jun 202013
 

The controversy involving Edward Snowden and the National Security Agency (NSA) leaks has drawn attention to the fact that most analysis of the government’s intelligence data is performed by private contractors, not government employees. When it comes to examining and deciphering the enormous volumes of communications collected by the NSA, it’s companies like SAIC, CSC and Booz Allen Hamilton that do much of the work. Snowden was just one of thousands of private contractor employees helping operate the NSA’s vast [lees verder]

jun 202013
 

As the Justice Department prepares to file charges against Booz Allen Hamilton employee Edward Snowden for leaking classified documents about the National Security Agency, the role of private intelligence firms has entered the national spotlight. Despite being on the job as a contract worker inside the NSA’s Hawaii office for less than three months, Snowden claimed he had power to spy on almost anyone in the country. “I, sitting at my desk, certainly had the authorities to wiretap anyone, from [lees verder]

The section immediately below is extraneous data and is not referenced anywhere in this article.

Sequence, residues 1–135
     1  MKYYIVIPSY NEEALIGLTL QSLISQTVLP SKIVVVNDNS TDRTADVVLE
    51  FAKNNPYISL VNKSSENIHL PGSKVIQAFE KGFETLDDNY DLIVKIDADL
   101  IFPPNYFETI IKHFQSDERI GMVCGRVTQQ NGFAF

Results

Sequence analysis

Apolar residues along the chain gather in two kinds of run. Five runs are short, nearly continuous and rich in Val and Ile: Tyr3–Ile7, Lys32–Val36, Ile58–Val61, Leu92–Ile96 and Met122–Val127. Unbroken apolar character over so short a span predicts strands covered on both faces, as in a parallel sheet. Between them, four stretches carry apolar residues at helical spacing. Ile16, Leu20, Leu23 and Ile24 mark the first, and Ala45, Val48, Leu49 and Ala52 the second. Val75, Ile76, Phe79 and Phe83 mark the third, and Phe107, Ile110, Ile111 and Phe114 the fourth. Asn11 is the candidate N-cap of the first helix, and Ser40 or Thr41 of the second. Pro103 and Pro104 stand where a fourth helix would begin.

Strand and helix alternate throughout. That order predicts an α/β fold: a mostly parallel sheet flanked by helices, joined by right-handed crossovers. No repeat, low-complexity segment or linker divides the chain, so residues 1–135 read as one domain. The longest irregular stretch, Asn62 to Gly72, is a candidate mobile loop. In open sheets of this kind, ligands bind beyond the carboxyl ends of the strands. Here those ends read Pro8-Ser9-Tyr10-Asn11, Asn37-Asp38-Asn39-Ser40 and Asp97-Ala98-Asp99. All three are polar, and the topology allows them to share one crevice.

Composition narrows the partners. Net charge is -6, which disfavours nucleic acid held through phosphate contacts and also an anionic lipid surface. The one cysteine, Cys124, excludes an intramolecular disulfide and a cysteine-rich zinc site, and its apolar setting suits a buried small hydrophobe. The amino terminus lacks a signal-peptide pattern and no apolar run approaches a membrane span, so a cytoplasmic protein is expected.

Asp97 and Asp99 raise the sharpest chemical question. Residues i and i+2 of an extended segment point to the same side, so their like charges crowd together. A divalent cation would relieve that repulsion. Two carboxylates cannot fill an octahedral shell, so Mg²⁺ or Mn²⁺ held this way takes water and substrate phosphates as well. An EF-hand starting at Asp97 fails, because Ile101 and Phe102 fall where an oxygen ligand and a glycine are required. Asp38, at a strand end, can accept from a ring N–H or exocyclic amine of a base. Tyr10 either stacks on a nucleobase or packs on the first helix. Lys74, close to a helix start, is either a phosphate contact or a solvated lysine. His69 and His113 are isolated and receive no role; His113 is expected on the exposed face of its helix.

jun 132013
 

Data on U.S. customers, secretly collected from phone companies, has been shared with British security agencies, writes Eli Lake. Plus, everything you need to know about the NSA Spying Program. At least one foreign government has gained access to sensitive data collected by the National Security Agency from U.S. telecommunications companies in dragnet court warrants demanding the secret transfer of U.S. customers’ calling records. The information collected by the NSA, known as “metadata,” does not include the content of the [lees verder]

jun 132013
 

American telecoms giant Verizon has been handing information about British companies to the US government, putting it on a collision course with UK regulators. On Verizon’s UK website, the company makes a point of telling customers it will help to defend them against spying by government agencies Photo: AP The company has found itself at the centre of a major scandal in the US, after it emerged that the National Security Agency (NSA) is collecting the telephone records of millions [lees verder]

jun 132013
 

Government Tapping CONTENT, Not Just Metadata … Using Bogus “Secret Interpretation” of Patriot Act We reported in 2008 that foreign companies have had key roles scooping up Americans’ communications for the NSA: At least two foreign companies play key roles in processing the information. Specifically, an Israeli company called Narus processes all of the information tapped by AT &T (AT & T taps, and gives to the NSA, copies of all phone calls it processes), and an Israeli company called [lees verder]